As you know, I recently made my second Sobretto Tank, by Colette Patterns. For my first post, which describes how I fitted the pattern to myself, click here. This is my second post, which describes my embellishments. If you would like to see the ways other people have embellished the Sobretto Tank, check out my Pinterest board here.
I am very interested in fabric manipulation, especially smocking. While surfing the web, I found this example of ribbon smocking, and decided to give it a try. I found this tutorial of how to smock ribbon.
I couldn’t figure it out until I checked out a tutorial for shell smocking fabric, which is a kind of Canadian smocking. Here is the graph that I used.
That helped me to figure out how this worked. So, here is the result, where is am almost finished tacking the smocked ribbon down to the neckline of my Sobretto. You can see both the front and the back of the ribbon, which is a one-inch polyester grosgrain ribbon that is smocked with matching thread. I chose an orange sorbet color, as the fabric already had some much pink in it.
The ribbon trim is supported by a self-drafted continuous facing. The facing is made from some batiste that I had left over from making my daughter’s baptismal gown years ago. It is interfaced with a very light knit fusible interfacing.
To fancy-up the top a bit more and to cover the tacking stitches in the middle of the shells, I decided to add a few seed beads to each of the shells.
I decided to use the first three beads on the ribbon trim. You can also see the herringbone weave of the fabric.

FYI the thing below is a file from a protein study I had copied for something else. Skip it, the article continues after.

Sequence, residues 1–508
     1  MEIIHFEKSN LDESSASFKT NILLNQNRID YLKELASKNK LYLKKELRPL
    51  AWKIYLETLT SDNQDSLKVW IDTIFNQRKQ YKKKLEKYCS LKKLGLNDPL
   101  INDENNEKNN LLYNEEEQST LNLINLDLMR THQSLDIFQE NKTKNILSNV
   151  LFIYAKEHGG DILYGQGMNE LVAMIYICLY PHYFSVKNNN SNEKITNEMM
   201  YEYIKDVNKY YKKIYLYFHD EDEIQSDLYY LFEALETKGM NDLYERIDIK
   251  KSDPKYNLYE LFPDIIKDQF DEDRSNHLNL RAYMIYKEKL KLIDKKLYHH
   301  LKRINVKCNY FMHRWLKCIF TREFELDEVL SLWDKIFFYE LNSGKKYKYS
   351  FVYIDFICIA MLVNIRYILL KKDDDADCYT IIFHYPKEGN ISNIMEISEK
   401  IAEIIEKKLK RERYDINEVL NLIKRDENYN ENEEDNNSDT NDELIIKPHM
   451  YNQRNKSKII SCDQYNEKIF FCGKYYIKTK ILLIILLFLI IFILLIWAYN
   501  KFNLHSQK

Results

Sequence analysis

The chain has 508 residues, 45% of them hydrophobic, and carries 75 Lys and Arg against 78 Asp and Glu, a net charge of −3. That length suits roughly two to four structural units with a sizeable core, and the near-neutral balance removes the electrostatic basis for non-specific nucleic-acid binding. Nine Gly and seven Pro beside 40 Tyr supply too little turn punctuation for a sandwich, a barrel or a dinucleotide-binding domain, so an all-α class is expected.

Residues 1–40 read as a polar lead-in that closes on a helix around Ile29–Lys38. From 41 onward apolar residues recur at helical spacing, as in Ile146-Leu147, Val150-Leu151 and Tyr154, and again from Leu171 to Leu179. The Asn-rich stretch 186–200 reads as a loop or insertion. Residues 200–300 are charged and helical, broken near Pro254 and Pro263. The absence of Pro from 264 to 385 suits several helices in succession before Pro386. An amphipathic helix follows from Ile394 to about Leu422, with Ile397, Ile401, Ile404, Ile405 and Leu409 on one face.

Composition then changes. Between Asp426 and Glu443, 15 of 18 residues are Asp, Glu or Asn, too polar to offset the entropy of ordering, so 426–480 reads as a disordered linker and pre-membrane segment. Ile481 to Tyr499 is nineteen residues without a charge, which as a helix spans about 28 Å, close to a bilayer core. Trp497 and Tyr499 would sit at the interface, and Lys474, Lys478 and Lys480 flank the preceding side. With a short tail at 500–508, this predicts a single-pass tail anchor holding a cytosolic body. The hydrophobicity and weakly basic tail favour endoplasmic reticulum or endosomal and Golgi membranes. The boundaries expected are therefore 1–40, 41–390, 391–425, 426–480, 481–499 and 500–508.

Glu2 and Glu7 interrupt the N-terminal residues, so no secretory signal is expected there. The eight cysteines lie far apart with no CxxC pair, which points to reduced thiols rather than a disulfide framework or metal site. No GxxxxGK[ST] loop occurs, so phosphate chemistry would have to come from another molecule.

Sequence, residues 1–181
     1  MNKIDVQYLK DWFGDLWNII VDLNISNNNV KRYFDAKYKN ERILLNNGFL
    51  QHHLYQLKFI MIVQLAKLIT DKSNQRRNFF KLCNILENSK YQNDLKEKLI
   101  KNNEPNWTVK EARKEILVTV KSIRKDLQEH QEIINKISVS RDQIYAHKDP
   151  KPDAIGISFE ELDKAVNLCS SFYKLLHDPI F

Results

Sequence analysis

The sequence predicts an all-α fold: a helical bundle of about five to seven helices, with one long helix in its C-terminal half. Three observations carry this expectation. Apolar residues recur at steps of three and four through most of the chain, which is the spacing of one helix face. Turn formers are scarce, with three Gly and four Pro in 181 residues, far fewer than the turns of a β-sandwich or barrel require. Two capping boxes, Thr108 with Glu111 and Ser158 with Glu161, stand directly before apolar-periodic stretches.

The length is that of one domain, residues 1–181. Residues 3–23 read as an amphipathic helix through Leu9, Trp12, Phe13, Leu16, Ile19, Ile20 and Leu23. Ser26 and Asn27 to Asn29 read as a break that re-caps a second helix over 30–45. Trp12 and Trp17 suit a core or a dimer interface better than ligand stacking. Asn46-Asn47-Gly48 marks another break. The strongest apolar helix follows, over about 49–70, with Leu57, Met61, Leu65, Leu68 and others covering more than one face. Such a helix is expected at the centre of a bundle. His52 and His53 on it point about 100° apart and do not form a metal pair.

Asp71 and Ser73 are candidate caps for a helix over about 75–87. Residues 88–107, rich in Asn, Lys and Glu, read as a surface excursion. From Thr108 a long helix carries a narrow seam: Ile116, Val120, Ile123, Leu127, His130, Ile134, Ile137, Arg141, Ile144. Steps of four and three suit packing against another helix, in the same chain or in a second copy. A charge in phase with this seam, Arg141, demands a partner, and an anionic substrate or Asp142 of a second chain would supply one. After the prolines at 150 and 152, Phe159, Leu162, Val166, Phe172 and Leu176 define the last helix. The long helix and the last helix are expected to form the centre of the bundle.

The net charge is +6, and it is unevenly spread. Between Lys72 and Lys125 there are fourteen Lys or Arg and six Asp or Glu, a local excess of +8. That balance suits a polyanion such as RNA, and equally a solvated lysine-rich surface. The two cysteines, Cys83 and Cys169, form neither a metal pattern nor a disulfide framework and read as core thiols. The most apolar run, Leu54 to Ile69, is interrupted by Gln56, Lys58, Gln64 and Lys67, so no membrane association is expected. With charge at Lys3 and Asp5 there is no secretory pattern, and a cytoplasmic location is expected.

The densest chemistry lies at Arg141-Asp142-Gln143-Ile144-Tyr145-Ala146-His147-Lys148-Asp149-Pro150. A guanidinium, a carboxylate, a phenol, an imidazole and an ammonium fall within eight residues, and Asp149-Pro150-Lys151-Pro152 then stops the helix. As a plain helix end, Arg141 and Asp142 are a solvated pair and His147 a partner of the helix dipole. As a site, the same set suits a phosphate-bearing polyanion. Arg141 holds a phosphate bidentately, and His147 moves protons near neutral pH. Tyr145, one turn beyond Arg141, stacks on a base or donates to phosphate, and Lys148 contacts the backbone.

I made a tiny hem, so that I can tuck this top into my skirt/pants.
And finally, I added a hand embroidered label, so that my husband will know what to do with this when he is doing the laundry. Thread lingerie carriers (not shown) were added to the shoulder seams, so that I can attach the top to the straps of my brassier.
And again, there is my final result. I am really happy with the results and will be making more Sobretto Tanks. They will be perfect to wear under a suit jacket during the Summer.
There are few changes that I might make to this top. The first thing that I might do is raise the neckline a small amount. When I tried this top on, under a suit jacket, it seemed pretty low. With the bias binding, it would have been slightly higher. I might also add sleeves. There are lots of patterns for adding sleeves to the Sobretto on the web. Also, I would like to try other sorts of fabric manipulation. For inspiration, I put together a Pinterest board of other Sobretto tops that other people have made and other embellishments that might be great on the Sobretto. People are very creative! I will definitely be trying some of these out.